Mission Zero: A DHHS plan to eliminate boarding of psychiatric patients in emergency rooms by 2025

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People in acute behavioral health crisis at times end up in medical emergency departments, waiting for care in another setting—an occurrence known as “ED Boarding.”

CONCORD, NH– During Mental Health Awareness Month in May, the New Hampshire Department of Health and Human Services (DHHS) announces “Mission Zero,” a plan to eliminate hospital emergency department (ED) psychiatric boarding by 2025. The work to address ED boarding reduction is already a top focus for NH and DHHS, as outlined in NH’s 10-Year Mental Health Plan. Mission Zero will add additional resources and attention to overcome this urgent, complex challenge in collaboration with community stakeholders.

“Rebuilding our mental health system has been a priority since day one,” said Governor Chris Sununu. “Emergency department boarding lists exist in every state, but here in New Hampshire we have brought that number down to zero in the past and feel confident with broader community partnerships and engagement we can do it again.”

People in acute behavioral health crisis at times end up in medical emergency departments, waiting for care in another setting—an occurrence known as “ED Boarding.” ED boarding of individuals seeking inpatient psychiatric treatment is a national problem stemming from an array of economic and structural challenges in healthcare, compounded by severe workforce shortages and COVID-era increases in the prevalence and acuity of mental health issues.

“Building on years of progress, we are hitting the gas to fully eliminate ED boarding and build a mental health system that serves people at the right place at the right time,” said DHHS Interim Commissioner Lori Weaver. “The strategies employed as part of ‘Mission Zero’ are bold and proactive, designed to accelerate New Hampshire’s efforts to increase community-based services and reduce the need for, and length of, inpatient psychiatric admissions.”

DHHS has been planning Mission Zero for several months and knows it cannot be achieved overnight. The Mission Zero plan will address the key drivers of New Hampshire’s ED boarding challenge:

  • Front Door Issues – in which people in crisis go to the ED because they have been unable to receive timely services in the community to address their psychosocial needs and/or immediate psychological crisis;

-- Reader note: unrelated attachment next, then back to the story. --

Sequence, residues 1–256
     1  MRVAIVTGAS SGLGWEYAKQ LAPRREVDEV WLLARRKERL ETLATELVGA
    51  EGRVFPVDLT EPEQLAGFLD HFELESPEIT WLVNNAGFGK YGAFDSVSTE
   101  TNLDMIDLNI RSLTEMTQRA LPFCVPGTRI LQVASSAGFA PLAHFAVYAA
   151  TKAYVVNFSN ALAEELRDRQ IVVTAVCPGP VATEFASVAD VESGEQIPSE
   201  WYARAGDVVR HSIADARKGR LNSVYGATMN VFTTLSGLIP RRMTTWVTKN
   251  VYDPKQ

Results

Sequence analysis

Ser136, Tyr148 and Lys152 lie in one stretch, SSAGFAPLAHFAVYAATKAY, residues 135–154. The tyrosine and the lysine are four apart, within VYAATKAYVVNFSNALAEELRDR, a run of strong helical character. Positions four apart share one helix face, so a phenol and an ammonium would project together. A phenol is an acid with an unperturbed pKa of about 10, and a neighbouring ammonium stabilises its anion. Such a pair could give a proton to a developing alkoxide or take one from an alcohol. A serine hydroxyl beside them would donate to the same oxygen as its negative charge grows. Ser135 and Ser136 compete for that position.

• In-patient Supply & Coordination Issues – in which people with acute psychiatric needs are unable to be transferred to an appropriate inpatient bed due to a shortage or system fragmentation of such beds; and
  • Back Door Issues – in which people are exceeding medically necessary stays in inpatient psychiatric facilities due to a lack of the right levels of support they need to discharge safely.

DHHS analyzed over 30 priority interventions and—integrating system data, longstanding community concerns, and national best practices—determined a subset of the most efficacious, shovel-ready efforts that align with ongoing implementation of and investments in the 10-Year Mental Health Plan. Among the strategies DHHS will pursue to address these drivers is a focus on expanding funding for community mental health centers (CMHCs) in the next State budget, which will allow for better workforce recruitment and greater financial security for CMHCs to make upstream investments in areas such as housing.

The Department will also launch the Certified Community Behavioral Health Clinic model pilot project to increase access to integrated and financially sustainable behavioral healthcare, laying the groundwork to potentially building a network of such centers in the state to operate as an alternative to hospital EDs and provide connections to mental health and substance use services. Additionally, DHHS will expand transitional housing and step-down care and develop landlord incentives to increase supportive housing for individuals awaiting discharge from New Hampshire Hospital. Providing they receive legislative approval, all of these components will be implemented by the fall of 2023.

Other strategies include the implementation of expanded designated receiving facility (DRF) capacity: Dartmouth Health will establish five new DRF beds that will open by fall 2024, and SolutionHealth will open a 120-bed behavioral health facility in early 2025. DHHS is also designing a Care Coordination function to oversee all adult referrals submitted for inpatient mental health treatment across all DRFs to ensure patients are admitted into the most appropriate bed in a timely manner. With legislative approval, it is expected to begin operating by the winter of 2023-2024.

This transformational work will not be achieved by one entity. In order for New Hampshire to reach Mission Zero, all stakeholders will work closely together to achieve its goal. The Department looks forward to ongoing collaboration with our partners throughout the State’s mental health system.


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NH Department of Health and Human Services